By: Eric SanInocencio
SEC Digital Network
Birmingham, Ala. -- I questioned whether I was doing the right thing
. Almost 11 months ago, I added the SEC "feedback" account into my email stream, allowing fans to connect with me one-on-one with every letter they typed.
My reasons for this were simple. If I could somehow forge a personal relationship with the SEC Nation, answering questions they had about the league or the Digital Network, it was worth it. However, looking back now, what I have found out is sometimes fans just want to be heard, on all kinds of topics, at any time in the day. That has been interesting to say the least.
Let me recap. On the bottom of every page of the website, there is a sentence that reads the following.
"Got a question for the SEC? Send it to email@example.com."
Before, that email was a filtered stream, a place that was grouped in with a variety of customer support lists from clients. There were a group of people that had access to it, but the amounts of emails were often overwhelming, leaving many questions unanswered over time. After learning about the process, I asked for the emails to be sent directly to me. Seeing as how I'm the person with the most overall access to the website and what appears on it, it only made sense for me to be answering the questions. That's what I thought anyway.
Again, 90 percent of the emails are great. They are informative, reasoned and well planned out. Sometimes I wonder if fans passion for the SEC has become their full time job, because some messages I get look like they took hours to compose. Again, all worth it.
On the flip side, there are certain times of the week (think Saturday) where fans use the feedback to vent. They may be upset with their team, a call (surprise, surprise) or something that didn't go their way. They take to their computers (or phones) looking for solace, and often times just voice their displeasure. They don't necessarily address the emails to me, or anyone in this office, but they just want someone to listen. And trust me, I read every single one of them.
Do their points always make sense? No. Are they valid on occasion? Of course. But in the end, I understand that releasing any anger they have to this generic email address can be a source of therapy, so I don't mind it at all.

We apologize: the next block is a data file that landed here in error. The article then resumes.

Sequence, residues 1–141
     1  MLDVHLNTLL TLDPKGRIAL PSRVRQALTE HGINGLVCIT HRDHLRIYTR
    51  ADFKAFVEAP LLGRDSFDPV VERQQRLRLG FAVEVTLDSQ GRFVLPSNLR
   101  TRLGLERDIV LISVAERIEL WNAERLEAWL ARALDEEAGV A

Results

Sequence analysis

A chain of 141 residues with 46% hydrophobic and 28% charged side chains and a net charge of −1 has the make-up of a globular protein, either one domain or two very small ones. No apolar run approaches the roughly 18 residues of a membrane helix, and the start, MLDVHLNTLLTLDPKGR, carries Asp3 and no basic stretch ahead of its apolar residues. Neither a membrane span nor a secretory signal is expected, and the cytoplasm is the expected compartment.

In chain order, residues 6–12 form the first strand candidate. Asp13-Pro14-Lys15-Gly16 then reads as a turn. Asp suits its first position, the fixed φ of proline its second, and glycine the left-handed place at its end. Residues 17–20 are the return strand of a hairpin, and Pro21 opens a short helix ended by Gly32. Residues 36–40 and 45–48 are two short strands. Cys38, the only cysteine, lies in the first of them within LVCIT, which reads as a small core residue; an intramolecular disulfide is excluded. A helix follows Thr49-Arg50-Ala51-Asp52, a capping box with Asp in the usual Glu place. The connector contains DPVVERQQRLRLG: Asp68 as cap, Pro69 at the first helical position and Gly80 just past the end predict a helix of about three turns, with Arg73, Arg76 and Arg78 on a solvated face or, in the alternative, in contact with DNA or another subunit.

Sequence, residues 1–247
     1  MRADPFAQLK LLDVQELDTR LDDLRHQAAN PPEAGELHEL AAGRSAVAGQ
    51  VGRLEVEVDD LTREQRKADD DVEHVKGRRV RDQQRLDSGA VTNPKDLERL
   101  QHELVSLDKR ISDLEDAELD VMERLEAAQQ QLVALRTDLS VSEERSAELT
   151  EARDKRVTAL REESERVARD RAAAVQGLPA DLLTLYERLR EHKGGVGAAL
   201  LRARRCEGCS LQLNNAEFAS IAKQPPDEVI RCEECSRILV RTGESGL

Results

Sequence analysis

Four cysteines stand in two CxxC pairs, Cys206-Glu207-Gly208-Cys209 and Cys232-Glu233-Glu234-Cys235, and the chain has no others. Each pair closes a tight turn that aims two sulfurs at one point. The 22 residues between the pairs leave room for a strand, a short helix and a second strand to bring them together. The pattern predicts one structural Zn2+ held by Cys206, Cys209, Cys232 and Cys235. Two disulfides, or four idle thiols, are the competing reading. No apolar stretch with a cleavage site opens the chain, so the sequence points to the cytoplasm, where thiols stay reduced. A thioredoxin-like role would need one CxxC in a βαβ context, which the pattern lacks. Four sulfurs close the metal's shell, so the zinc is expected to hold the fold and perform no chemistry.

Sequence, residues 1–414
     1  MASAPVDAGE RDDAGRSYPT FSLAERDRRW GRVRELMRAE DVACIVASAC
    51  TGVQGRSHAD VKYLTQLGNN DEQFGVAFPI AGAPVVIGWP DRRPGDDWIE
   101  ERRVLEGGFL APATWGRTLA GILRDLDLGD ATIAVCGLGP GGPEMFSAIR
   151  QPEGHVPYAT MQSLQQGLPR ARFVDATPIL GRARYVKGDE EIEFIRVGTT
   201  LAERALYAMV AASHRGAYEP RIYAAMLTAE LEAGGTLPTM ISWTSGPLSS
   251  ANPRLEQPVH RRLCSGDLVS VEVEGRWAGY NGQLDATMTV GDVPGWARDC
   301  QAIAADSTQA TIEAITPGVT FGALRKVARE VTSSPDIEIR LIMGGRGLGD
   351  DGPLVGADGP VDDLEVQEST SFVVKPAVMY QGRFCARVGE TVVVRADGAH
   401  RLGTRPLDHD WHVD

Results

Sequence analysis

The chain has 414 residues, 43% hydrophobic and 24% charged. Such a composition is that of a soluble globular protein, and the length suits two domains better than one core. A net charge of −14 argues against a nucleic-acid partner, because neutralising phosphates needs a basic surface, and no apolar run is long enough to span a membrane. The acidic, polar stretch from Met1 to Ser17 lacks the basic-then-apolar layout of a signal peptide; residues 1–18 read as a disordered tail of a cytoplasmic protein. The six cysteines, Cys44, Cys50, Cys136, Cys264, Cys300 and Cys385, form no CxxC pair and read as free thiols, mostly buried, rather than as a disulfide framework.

What I would explain to fans is this. The Southeastern Conference, while encompassing, doesn't control everything. I get emails about commercials, apparel and concessions. Not all of that falls under the domain. Again, I don't dodge questions, but many times you pose thoughts I cannot answer. We don't deal in speculation, just concrete facts.
I think there are plenty of you out there that have heard back from me, and you'd agree that when there is something we can clarify, we do so. Unfortunately, that isn't always the case.
The thought actually crossed my mind to post some of the emails I've received. It can be a great learning experience to sift through the inbox, helping us to try and understand what fans are thinking about as they support us during the week. But again, I know some people just need to "clear their cache" so to speak, so it probably wouldn't be fair to air them out there.
Perhaps this feedback system can be better explained. Think of it this way.
Instead of a place to release frustration, think of it as a daily SEC mailbag, a way to bridge the gap between fan and conference. I take your questions seriously, and I invite anyone to share their thoughts. While brainstorming on this very subject with the Digital Network's own Sean Cartell we figured we could even take it a step further.
If your email features a valid question, let's feature it on the website. Let's do a "SEC Mailbag" with your thoughts about the league. Let's make this process better for everyone. That is our goal going forward.
So, keep sending the emails in. If I can help you, I will. If not, well now you know why. Pandora’s Box is still open.